[CN] – Former Los Angeles County Sheriff Leroy Baca on Monday withdrew a guilty plea of lying to federal investigators, a decision that means he will face a trial and potential obstruction of justice charges.
Baca returned to U.S. District Judge Percy Anderson’s courtroom after the judge ruled two weeks ago that a six-month sentence would be too lenient for the official’s alleged part in a conspiracy to obstruct an investigation into jailhouse abuses.
After Baca’s attorney Michael Zweiback made clear that his client would not accept the option of a harsher sentence, Anderson asked Baca at a brief Monday afternoon hearing if he wanted to withdraw his plea.
“Yes, your honor,” said Baca, who stood before the judge wearing a gray pin-striped suit and pink tie.
Outside the courthouse, Baca told reporters that he had entered the plea to “avoid a lengthy and expensive trial and to minimize the court drama associated with this case.”
“I have made this decision due to the untruthful comments about my actions made by the court and the U.S. Attorney’s Office that are contradicted by the evidence in this case,” Baca said.
Baca said that though he had Alzheimer’s disease, he needs to “set the record straight” about the “misleading aspects” of the government’s investigation.
“I thank my friends and family for encouraging me to stand up for what is right,” Baca said, with a male supporter punctuating his words with “God bless you” and “We love you, sheriff.”
At his sentencing hearing two weeks ago, Anderson had said six months would not account for Baca’s culpability in a scheme that had involved the destruction of records, cover-ups, interference with a grand jury investigation, tampering with witnesses, and the threatening of an FBI agent.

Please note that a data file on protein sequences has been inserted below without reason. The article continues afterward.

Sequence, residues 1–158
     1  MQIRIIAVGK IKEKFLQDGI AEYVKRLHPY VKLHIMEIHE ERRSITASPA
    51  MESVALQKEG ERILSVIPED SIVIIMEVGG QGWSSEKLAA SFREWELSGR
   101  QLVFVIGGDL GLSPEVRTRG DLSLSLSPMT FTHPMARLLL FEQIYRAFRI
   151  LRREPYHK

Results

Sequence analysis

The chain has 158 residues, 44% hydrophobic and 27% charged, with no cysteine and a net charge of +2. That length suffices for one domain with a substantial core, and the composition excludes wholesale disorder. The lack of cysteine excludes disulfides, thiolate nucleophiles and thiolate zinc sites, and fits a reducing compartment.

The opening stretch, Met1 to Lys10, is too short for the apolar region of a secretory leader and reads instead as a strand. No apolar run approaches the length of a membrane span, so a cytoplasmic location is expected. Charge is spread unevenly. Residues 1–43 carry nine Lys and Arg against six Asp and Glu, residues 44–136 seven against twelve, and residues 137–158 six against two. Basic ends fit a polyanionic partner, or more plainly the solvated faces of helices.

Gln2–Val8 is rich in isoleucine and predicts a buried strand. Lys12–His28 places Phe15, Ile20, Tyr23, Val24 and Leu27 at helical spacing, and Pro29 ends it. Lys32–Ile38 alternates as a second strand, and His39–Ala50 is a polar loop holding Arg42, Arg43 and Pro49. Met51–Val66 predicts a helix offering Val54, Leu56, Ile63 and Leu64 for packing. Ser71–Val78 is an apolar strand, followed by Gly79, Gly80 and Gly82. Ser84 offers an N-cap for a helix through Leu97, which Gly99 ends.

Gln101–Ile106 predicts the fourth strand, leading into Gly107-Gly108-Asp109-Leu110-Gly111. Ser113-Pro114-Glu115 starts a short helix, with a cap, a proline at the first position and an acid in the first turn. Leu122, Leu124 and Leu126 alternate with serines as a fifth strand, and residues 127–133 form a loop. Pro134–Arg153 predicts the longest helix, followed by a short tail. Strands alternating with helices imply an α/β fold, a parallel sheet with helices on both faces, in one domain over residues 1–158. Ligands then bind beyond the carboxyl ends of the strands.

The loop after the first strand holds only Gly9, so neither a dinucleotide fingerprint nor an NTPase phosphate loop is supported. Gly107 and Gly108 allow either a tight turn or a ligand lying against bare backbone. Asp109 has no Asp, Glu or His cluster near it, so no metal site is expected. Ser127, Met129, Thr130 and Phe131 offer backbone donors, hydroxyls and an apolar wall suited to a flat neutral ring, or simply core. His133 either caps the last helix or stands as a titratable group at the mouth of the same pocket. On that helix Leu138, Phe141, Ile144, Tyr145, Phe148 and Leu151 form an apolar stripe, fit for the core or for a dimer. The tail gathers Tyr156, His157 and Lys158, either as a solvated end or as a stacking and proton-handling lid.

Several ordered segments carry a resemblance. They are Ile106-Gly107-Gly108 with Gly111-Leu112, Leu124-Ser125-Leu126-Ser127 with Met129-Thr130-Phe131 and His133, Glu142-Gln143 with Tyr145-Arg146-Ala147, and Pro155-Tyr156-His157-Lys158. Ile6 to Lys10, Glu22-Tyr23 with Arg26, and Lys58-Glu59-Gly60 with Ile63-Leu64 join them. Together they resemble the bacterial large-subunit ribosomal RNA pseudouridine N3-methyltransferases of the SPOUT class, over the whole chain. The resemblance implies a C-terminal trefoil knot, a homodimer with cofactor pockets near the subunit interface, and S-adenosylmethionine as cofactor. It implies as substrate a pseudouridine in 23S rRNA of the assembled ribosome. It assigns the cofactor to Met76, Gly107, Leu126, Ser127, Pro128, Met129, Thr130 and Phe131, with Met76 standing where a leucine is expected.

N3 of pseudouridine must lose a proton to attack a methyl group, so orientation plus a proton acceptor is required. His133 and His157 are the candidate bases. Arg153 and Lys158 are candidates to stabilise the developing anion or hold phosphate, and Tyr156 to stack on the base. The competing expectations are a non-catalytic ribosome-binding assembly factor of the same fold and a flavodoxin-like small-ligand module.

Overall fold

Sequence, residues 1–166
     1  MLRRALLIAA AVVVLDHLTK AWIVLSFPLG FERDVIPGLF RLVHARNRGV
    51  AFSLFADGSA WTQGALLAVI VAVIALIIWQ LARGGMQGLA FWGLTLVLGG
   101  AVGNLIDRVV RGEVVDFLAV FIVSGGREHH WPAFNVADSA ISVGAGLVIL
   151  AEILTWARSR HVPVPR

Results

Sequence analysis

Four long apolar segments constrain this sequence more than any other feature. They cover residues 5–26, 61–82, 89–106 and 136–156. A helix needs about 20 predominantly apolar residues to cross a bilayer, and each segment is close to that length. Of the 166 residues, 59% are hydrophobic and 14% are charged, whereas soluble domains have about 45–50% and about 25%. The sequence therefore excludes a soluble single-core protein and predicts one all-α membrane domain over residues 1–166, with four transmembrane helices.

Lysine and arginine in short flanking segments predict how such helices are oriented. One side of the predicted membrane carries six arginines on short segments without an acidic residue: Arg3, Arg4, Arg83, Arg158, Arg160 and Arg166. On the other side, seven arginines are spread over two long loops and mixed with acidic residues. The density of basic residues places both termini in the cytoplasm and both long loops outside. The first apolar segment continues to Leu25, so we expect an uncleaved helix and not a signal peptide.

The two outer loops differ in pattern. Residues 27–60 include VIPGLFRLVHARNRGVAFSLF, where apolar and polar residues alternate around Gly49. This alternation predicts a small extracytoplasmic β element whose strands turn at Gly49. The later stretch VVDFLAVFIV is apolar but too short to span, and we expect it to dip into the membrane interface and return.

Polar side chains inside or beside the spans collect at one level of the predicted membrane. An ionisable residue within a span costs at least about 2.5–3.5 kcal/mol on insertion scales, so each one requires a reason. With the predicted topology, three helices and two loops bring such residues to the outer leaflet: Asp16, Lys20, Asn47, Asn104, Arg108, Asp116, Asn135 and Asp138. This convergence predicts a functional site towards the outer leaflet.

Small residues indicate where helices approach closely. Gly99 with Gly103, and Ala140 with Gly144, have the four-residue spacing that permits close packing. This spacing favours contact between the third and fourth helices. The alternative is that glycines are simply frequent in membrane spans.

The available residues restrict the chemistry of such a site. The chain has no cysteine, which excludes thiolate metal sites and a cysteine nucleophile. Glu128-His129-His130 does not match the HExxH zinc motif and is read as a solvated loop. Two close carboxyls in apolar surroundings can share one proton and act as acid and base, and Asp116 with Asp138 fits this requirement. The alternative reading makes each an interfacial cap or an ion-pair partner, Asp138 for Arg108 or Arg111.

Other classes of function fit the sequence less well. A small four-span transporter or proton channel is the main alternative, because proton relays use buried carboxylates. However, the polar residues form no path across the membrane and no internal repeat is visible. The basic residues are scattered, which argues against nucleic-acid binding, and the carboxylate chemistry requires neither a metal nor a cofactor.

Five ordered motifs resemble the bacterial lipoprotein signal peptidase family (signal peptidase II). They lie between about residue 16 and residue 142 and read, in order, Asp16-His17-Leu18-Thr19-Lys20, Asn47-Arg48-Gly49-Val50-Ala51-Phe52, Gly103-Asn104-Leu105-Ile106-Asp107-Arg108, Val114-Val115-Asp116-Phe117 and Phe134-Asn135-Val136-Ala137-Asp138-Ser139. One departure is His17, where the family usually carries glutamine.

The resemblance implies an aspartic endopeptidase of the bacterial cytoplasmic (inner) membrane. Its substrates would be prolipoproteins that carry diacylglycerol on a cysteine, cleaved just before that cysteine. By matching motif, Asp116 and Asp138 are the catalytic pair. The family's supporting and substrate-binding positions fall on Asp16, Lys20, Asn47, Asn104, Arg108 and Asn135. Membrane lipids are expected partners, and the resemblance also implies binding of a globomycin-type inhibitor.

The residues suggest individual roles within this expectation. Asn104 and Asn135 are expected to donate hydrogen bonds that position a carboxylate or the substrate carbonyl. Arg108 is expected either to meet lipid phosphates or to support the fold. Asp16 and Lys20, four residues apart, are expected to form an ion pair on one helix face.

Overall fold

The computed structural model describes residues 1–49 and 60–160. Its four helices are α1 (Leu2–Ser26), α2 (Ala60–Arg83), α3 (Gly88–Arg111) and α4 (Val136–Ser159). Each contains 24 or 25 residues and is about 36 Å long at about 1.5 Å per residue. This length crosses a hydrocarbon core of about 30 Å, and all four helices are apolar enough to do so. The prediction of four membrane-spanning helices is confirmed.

In April, former Undersheriff Paul Tanaka was convicted as the ringleader of a conspiracy to hide informant Anthony Brown within the jail system after the discovery of an FBI phone in his cell. Tanaka was sentenced to five years in June.
Prosecutors said that Baca, who entered his plea agreement in February, “knowingly and willfully” made false statements to investigators during an interview in April 2013.
After jailers discovered the phone and concluded that Brown was cooperating with the FBI, Baca ordered Brown isolated from the rest of the jail population, prosecutors said.
In August 2011, Baca asked Tanaka to investigate how the phone had ended up with the inmate.
The following month, Baca allegedly instructed officials to “do everything but put handcuffs” on FBI agent Leah Marx, who was investigating the case.
In an infamous videotaped encounter, two Internal Criminal Investigations Bureau officers, Sgt. Scott Craig and Sgt. Maricela Long, threatened Marx — now known as Leah Tanner — outside her apartment complex after she returned home from work on Sept. 26, 2011.
Craig told Tanner she was the “named suspect in a felony complaint” and said he was “in the process of swearing out a declaration for an arrest warrant.”
Anderson set a trial date for Sept. 20, 2016, at 8:30 a.m.
Zweiback indicated that he would seek a continuance and told reporters outside the courtroom that he expected a superseding indictment to include similar obstruction of justice charges that were proven against Tanaka, though he went to pains to explain that he believes the cases are quite different.